South Africa: mining revenue, transparency and the EITI

Image: Flickr, International Monetary Fund
Image: Flickr, International Monetary Fund

On 2 March 2011, the Extractive Industry Transparency Initiative (EITI) convened its fifth global conference in Paris, France.

South Africa was represented at the conference by Finance Minister Pravin Gordhan, who chaired one of the key panels. Is this perhaps an indication that South Africa is reconsidering its participation in the EITI?

Underlying the calls for nationalisation of the mining industry, is the belief that South Africans are not benefiting sufficiently from the exploitation of our mineral wealth. The response from industry has generally focused on the poor historical record of direct government involvement in mining activities, rather than responding directly to the question of how South Africans are currently benefiting from private sector mining.

Increased transparency on revenue flows between mines and government should play an important part in this debate. However, to date South Africa has not joined the EITI, a global initiative that focuses on increased revenue transparency of mining revenues and dialogue between government, industry and civil society.

Is it time for South Africa to re-evaluate their position on the EITI?

The EITI was launched in Johannesburg at the World Summit for Sustainable Development (WSSD) in 2002. Aimed at increasing the transparency of financial flows between mining companies and governments, as well as fostering dialogue between these role players and civil society, the initiative has grown considerably in the past few years.

South Africa’s involvement in the EITI was discussed in a seminar convened jointly by the South African Institute of International Affairs (SAIIA), the Southern Africa Resource Watch and the EITI board in September 2009.

Representatives from the South African Department of Minerals and Energy attended the seminar. They indicated that while South Africa supported the principles of the EITI, the government did not feel that South Africa needed to join the initiative as the country already had regulations to support transparency and good governance within the sector. Notwithstanding this viewpoint, South Africa could play a valuable leadership role by participating in the initiative and encouraging other African countries with poorer resource governance systems to participate.

South Africa’s potential to show leadership in mining transparency was highlighted at the 2011 EITI global conference. Representatives from one African country indicated during an informal conversation that they would be visiting a number of countries to learn about the EITI and principles of revenue transparency. They were particularly interested in visiting South Africa as an example of a resource rich developing country which had chosen not to participate in the EITI.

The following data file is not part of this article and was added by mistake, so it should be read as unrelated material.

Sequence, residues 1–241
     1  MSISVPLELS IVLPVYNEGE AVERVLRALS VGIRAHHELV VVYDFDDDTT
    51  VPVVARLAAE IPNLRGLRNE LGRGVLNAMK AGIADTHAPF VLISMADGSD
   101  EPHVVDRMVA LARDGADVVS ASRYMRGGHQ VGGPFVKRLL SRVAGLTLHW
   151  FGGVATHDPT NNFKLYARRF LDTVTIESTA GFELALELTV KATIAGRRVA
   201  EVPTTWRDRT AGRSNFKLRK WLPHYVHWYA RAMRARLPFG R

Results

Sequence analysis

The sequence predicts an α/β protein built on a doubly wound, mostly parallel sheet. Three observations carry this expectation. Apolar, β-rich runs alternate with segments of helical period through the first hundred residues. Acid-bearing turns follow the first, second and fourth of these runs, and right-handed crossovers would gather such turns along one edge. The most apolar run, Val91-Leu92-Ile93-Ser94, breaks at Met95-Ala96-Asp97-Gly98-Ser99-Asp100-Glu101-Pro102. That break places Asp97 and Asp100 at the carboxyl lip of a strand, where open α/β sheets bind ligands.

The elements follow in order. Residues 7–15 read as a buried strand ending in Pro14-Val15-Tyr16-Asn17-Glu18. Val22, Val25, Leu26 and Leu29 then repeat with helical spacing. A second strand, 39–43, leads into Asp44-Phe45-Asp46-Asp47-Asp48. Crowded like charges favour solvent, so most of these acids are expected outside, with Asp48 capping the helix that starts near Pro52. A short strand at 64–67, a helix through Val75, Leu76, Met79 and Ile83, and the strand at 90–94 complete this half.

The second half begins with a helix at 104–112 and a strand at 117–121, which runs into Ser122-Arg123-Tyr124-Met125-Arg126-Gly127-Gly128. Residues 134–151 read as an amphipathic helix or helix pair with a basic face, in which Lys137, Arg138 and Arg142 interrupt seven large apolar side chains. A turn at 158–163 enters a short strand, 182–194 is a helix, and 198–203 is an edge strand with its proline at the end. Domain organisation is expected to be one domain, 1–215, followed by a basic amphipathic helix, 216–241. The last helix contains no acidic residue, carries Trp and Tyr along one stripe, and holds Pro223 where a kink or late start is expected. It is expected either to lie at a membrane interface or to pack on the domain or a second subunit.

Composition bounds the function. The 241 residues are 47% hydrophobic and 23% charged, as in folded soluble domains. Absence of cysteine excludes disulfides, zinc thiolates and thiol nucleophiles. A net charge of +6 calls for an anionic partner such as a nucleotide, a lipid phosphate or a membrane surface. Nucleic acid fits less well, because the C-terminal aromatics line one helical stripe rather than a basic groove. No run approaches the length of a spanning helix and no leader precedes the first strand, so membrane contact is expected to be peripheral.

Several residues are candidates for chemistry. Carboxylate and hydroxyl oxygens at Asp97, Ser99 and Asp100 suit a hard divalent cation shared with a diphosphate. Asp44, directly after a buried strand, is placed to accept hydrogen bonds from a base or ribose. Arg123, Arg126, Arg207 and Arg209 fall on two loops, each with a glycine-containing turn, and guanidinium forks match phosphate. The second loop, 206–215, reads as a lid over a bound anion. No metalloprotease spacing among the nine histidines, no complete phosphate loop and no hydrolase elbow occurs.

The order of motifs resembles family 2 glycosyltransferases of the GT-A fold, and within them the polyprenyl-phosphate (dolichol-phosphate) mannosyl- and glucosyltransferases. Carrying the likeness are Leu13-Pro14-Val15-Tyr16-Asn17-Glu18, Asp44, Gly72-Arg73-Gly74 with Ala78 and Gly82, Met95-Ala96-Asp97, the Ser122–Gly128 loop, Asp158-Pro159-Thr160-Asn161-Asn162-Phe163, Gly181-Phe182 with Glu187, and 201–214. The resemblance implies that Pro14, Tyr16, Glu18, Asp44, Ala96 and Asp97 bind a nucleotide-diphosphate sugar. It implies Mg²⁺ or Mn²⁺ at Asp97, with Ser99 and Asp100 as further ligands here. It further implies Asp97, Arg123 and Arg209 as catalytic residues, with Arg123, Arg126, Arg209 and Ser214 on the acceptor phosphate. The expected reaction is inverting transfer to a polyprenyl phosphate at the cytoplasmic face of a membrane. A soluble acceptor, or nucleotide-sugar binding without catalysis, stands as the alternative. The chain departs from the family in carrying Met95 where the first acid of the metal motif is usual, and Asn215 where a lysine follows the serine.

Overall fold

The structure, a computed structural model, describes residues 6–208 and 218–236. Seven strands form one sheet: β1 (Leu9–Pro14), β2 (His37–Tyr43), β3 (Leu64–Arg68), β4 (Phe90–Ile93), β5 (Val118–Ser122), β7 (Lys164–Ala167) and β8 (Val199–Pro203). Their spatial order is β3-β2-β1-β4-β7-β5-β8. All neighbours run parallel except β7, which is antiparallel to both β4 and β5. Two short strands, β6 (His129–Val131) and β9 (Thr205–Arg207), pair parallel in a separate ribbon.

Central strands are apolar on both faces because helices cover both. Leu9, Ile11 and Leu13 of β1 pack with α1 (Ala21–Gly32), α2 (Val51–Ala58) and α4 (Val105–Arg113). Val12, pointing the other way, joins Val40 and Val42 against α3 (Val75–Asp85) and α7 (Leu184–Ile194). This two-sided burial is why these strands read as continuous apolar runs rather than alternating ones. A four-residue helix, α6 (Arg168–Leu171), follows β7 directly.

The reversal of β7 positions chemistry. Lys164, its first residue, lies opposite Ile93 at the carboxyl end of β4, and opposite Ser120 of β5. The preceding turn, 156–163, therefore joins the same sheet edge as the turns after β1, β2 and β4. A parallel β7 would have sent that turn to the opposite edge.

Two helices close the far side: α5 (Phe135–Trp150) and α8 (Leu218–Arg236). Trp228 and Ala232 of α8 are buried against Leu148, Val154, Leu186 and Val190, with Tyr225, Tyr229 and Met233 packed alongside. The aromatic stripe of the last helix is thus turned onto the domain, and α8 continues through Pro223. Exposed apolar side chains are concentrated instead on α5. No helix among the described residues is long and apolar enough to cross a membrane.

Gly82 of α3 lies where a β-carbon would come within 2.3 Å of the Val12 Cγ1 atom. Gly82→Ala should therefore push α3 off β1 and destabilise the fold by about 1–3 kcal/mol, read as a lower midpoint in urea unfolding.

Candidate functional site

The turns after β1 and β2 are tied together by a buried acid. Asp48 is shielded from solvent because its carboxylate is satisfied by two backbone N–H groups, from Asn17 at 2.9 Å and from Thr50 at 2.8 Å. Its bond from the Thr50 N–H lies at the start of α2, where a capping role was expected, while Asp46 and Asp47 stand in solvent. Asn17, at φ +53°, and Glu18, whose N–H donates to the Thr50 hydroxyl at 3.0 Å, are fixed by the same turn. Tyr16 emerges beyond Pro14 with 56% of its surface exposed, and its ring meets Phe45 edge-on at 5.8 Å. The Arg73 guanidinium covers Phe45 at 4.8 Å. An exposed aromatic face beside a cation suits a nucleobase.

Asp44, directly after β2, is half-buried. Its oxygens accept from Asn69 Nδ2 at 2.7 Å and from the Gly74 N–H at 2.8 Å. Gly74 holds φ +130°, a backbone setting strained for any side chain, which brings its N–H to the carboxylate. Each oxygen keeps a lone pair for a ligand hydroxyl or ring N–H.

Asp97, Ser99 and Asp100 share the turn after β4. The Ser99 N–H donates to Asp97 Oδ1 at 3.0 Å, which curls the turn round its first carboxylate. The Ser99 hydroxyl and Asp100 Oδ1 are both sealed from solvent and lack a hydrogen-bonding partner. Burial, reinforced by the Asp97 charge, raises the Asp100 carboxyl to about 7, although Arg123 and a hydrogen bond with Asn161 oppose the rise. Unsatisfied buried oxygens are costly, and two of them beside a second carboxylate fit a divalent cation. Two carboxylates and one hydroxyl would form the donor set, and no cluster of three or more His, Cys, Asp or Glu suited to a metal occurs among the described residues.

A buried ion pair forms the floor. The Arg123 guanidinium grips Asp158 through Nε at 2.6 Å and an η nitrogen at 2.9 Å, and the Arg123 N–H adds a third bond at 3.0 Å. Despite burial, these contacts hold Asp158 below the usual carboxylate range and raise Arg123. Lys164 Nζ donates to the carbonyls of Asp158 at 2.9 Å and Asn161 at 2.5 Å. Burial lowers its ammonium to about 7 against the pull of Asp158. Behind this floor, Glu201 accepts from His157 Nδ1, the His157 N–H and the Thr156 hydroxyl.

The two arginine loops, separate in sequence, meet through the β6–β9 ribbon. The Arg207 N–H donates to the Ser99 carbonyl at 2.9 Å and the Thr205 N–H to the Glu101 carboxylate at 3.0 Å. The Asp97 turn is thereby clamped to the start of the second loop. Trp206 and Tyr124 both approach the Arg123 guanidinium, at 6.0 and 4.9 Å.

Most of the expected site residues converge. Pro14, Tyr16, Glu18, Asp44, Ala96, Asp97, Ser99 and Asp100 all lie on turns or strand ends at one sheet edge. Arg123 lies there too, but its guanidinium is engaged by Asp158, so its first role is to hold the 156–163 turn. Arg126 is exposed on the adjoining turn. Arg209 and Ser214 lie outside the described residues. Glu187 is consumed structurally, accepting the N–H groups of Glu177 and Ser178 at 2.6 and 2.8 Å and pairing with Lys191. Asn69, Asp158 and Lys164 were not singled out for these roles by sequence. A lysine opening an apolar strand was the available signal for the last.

Mozambican President Armando Guebuza
Tanzanian President Jakaya Kikwete

Norway joined the EITI despite possessing some of the most advanced mining revenue governance regulations in the world. One can only deduce that Norway’s motivation was not to improve its own resource governance, but rather to serve as an example to other countries and lend legitimacy to the EITI process.

South Africa could have played the same role on the continent but instead its inaction is leading other countries, who desperately need improved resource governance, to question the value of the EITI.

One of the key issues discussed at the 2011 EITI conference was the Dodd-Frank Financial Reform Bill, introduced in the United States in 2010. Certain clauses in the bill relate specifically to publicly-listed mining companies. For example, section 1504 requires all publically listed mining companies to disclose any payment made to foreign governments.

This requirement is similar to the EITI process, except that it uses the country where a company is listed, rather than the country where the mining is actually taking place, to determine disclosure responsibilities. The advantage of Dodd-Frank style legislation is that it potentially has a far greater reach, particularly if such legislation is adopted in countries or regions where many mining companies are headquartered such as Canada, Australia and the European Union. In the EU there are already firm moves to develop similar legislation.

Given the increasing role that South African resource extraction companies are playing on the continent, is it not also time that South Africa develops legislation similar to Dodd-Frank? This would ensure that the activities of South African companies could contribute to growth and transparency in other African countries, rather than the ills of the resource curse.